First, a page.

On Architecture

Vitruvius Pollio

Vitruvius Pollio, creator; Morgan, M. H. (Morris Hicky), 1859-1910, translator

1. THERE are five classes of temples, designated as follows: pycnostyle, with the columns close together; systyle, with the intercolumniations a little wider; diastyle, more open still; araeostyle, farther apart than they ought to be; eustyle, with the intervals apportioned just right.


2. The pycnostyle is a temple in an intercolumniation of which the thickness of a column and a half can be inserted: for example, the temple of the Divine Caesar, that of Venus in Caesar's forum, and others constructed like them. The systyle is a temple in which

the thickness of two columns can be placed in an intercolumniation, and in which the plinths of the bases are equivalent to the distance between two plinths: for example, the temple of Equestrian Fortune near the stone theatre, and the others which are constructed on the same principles.

3. These two kinds have practical disadvantages. When the matrons mount the steps for public prayer or thanksgiving, they cannot pass through the intercolumniations with their arms about one another, but must form single file; then again, the effect of the folding doors is thrust out of sight by the crowding of the columns, and likewise the statues are thrown into shadow; the narrow space interferes also with walks round the temple.

4. The construction will be diastyle when we can insert the thickness of three columns in an intercolumniation, as in the case of the temple of Apollo and Diana. This arrangement involves the danger that the architraves may break on account of the great width of the intervals.

5. In araeostyles we cannot employ stone or marble for the architraves, but must have a series of wooden beams laid upon the columns. And moreover, in appearance these temples are clumsy-roofed, low, broad, and their pediments are adorned in the Tuscan fashion with statues of terra-cotta or gilt bronze: for example, near the Circus Maximus, the temple of Ceres and Pompey's temple of Hercules; also the temple on the Capitol.

6. An account must now be given of the eustyle, which is the most approved class, and is arranged on principles developed with a view to convenience, beauty, and strength. The intervals should be made as wide as the thickness of two columns and a quarter, but the middle intercolumniations, one in front and the other in the rear, should be of the thickness of three columns. Thus built, the effect of the design will be beautiful, there will be no obstruction at the entrance, and the walk round the cella will be dignified.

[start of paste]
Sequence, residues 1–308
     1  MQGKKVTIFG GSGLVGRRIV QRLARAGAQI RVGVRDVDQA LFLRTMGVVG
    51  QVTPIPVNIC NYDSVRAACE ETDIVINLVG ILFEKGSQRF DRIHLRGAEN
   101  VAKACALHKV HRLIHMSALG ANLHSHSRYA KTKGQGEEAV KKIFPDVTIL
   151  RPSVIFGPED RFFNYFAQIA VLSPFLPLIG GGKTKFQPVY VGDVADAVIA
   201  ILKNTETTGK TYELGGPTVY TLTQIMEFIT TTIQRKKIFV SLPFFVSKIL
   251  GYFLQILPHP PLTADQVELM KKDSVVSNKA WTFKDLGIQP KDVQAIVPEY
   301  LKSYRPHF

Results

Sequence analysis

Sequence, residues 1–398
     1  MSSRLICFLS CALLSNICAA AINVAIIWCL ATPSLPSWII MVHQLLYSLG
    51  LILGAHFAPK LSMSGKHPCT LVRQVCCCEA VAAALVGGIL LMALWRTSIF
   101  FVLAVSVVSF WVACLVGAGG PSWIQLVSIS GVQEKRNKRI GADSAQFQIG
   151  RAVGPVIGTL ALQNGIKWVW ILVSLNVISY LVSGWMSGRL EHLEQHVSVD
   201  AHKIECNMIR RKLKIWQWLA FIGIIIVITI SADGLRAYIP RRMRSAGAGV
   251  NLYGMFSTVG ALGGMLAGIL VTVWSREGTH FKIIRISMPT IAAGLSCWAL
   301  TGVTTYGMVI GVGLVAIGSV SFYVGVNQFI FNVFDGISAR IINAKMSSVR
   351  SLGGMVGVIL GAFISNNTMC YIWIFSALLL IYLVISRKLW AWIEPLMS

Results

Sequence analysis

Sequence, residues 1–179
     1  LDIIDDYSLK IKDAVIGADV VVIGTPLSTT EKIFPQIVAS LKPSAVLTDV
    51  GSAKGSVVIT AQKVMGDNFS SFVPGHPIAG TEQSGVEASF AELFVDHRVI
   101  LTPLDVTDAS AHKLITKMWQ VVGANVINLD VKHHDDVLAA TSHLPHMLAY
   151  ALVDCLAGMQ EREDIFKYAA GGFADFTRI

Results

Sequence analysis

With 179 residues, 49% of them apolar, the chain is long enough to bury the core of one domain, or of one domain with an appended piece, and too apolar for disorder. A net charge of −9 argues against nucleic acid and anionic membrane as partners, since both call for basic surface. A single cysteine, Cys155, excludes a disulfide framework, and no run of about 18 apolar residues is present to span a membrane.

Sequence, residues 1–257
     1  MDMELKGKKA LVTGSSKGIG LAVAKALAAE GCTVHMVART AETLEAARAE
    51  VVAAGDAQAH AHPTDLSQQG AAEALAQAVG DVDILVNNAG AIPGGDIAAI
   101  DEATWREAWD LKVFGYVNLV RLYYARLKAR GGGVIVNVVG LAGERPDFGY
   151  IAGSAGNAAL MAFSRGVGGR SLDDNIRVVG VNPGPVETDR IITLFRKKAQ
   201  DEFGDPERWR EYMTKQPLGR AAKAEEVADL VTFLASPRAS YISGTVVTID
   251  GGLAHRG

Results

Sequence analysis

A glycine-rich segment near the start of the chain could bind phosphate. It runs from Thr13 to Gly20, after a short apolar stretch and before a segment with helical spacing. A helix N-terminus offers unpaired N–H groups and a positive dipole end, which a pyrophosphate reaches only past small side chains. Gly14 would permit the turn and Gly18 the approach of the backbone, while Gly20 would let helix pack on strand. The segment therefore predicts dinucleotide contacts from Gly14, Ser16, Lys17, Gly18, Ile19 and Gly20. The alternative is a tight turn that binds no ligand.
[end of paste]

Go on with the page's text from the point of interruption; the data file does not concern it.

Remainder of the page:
7. The rule of this arrangement may be set forth as follows. If a tetrastyle is to be built, let the width of the front which shall

have already been determined for the temple, be divided into eleven parts and a half, not including the substructures and the projections of the bases; if it is to be of six columns, into eighteen parts. If an octastyle is to be constructed, let the front be divided into twenty-four parts and a half. Then, whether the temple is to be tetrastyle, hexastyle, or octastyle, let one of these parts be taken, and it will be the module. The thickness of the columns will be equal to one module. Each of the intercolumniations, except those in the middle, will measure two modules and a quarter. The middle intercolumniations in front and in the rear will each measure three modules. The columns themselves will be nine modules and a half in height. As a result of this division, the intercolumniations and the heights of the columns will be in due proportion.

8. We have no example of this in Rome, but at Teos in Asia Minor there is one which is hexastyle, dedicated to Father Bacchus.

These rules for symmetry were established by Hermogenes, who was also the first to devise the principle of the pseudodipteral octastyle. He did so by dispensing with the inner rows of thirty-eight columns which belonged to the symmetry of the dipteral temple, and in this way he made a saving in expense and labour. He thus provided a much wider space for the walk round the cella between it and the columns, and without detracting at all from the general effect, or making one feel the loss of what had been really superfluous, he preserved the dignity of the whole work by his new treatment of it.